6) Tell us a little about your target audience, what kinds of readers are most likely to enjoy the book? 
The book has a couple different audiences. At one level it's a fast paced horror story packed with action, pretty solid characters, and even a bit of dark humor. I tried to marry a fairly hardboiled realistic tone with some pretty wild and dark stuff. The overall effect is pretty creepy and should appeal to those that like HBO fantasy dramas (True Blood, Carnivàle). There's also a lot of interesting history and religious and occult detail in there which appeals to an older more historically oriented audience. But I tried not to ever let it bog the story, which just moves and moves. Finally, the book has young characters and some romance for the younger fan of urban fantasy (Laurell K. Hamilton, Kim Harrison, Jim Butcher).
7) What can you tell us about the awesome cover? 
The cover photo-illustration is by award winning fantasy artist Cliff Nielsen. In deciding what to do about the cover I combed through the more recent books in my 10,000 novel collection and put aside ones with covers I liked. Going through those I found like eight (including the new edition of Narnia!) with covers by Cliff. But it was really the Map of Time cover that totally sold me. I had to have him do mine. So I called.
8) What type of music do you like listening to? Is there are particular song that fits your novel?
I’m a very eclectic music listener. 70s and 80s rock. Some new stuff (including Lady Gaga and Katy Perry). Lots of classic Jazz (like Miles Davis), lots of classical. All sorts of weird stuff from Ottoman court music to Tibetan monastic chants to medieval Spanish tunes.
Lyrics interfere with serious writing or editing so trance techno is one of my favorite genres for that. Or something spacy like jazz or Tangerine Dream if I don’t want to pound.
If I was picking the soundtrack to the film version of the book I’d use mostly period music. Scenes with the villains might be different. Al-Nasir begs for a remix of Nasirid court music, or sufi music, both are  pretty weird and exotic sounding. Instrumental when he’s in normal mode, then blending to an amped up electronic remix when he gets “aggressive.” Parris might have as his tune something like Loreena McKennitt’s “The Mystic’s Dream.” Which if I had to pick a single song that typified the mood of the book, would be it.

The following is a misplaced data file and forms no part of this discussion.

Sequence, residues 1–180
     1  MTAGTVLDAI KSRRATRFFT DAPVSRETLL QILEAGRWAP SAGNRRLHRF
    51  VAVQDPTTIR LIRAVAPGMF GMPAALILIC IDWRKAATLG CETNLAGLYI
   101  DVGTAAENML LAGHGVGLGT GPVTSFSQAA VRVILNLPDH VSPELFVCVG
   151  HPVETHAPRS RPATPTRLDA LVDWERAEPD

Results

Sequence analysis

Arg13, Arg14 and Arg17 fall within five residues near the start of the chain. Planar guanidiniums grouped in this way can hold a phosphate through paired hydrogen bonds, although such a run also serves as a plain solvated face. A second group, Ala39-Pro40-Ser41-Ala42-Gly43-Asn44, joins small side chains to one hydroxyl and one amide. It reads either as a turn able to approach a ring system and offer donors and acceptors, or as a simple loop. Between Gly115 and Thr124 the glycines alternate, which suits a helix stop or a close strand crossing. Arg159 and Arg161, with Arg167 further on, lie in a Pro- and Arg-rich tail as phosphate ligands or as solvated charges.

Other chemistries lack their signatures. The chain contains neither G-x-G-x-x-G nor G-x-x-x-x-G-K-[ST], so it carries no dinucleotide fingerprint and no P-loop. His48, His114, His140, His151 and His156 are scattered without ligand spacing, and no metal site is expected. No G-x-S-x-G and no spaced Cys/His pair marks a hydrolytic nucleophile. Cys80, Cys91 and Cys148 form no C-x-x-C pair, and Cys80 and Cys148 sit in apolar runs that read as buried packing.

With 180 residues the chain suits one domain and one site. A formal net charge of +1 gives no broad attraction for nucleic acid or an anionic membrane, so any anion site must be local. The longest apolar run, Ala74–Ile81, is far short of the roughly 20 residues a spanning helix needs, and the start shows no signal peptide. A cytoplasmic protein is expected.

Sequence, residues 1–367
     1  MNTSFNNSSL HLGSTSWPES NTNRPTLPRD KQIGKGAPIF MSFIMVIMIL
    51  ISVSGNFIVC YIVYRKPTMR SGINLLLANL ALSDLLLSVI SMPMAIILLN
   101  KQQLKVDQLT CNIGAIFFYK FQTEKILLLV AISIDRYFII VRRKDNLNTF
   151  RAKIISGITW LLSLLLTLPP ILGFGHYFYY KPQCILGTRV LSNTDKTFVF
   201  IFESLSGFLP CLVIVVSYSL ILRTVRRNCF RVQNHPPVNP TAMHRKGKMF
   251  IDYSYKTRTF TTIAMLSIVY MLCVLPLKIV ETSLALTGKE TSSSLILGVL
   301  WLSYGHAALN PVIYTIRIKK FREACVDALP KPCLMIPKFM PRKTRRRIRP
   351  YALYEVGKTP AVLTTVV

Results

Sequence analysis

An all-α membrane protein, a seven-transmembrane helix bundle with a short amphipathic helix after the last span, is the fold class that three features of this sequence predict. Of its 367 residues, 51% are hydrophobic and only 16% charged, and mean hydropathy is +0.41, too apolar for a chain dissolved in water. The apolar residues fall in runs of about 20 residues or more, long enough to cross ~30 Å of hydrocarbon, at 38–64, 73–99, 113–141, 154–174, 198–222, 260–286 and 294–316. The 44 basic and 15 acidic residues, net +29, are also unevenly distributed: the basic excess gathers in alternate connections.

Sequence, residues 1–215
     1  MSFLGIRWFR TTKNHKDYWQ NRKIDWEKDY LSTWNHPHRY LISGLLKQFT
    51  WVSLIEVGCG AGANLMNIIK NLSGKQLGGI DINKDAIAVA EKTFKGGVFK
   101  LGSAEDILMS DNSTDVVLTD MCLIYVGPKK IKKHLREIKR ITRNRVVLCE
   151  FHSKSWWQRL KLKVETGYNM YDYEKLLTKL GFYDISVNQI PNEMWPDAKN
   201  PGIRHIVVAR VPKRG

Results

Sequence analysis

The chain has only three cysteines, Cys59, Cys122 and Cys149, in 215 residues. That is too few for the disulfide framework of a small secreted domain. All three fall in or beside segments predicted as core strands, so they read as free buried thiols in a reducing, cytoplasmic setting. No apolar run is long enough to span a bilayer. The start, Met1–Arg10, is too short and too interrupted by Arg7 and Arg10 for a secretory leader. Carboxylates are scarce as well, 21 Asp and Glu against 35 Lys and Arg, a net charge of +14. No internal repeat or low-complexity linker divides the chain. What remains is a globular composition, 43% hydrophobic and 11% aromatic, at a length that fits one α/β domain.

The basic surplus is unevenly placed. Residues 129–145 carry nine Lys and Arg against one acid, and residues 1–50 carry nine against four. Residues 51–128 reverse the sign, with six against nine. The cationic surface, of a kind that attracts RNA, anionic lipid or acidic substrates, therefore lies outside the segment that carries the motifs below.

9) What was the first paranormal book you read?
The 1st real novel I ever read was Isaac Asimov’s David Starr, Space Ranger. That started me off bright and early (seven or eight) with my long pattern of reading speculative fiction. I pretty much only read fantasy, science fiction, or supernatural novels. An early one I remember that you might consider paranormal was Escape to Witch Mountain by Alexander Key. Many of his books involved children with superpowers running from “the authorities.” These are great books, and sadly many are out-of-print.
10) What other projects are you working on or having coming out next?
I have a second finished novel (it’s been through four major drafts and a full line edit). It’s called Untimed and is a YA time travel novel that chronicles the crazy adventures of a boy no one remembers, who falls through a hole in time and finds himself lost in the past. It’s very different with an extremely immediate first person present voice (in this book the only thing anyone can hold on to is the present). It rocks. Seriously rocks.
Right now (as of early May) it’s out on submission to New York and London publisher’s via my agent, Eddie Schneider of JABberwocky.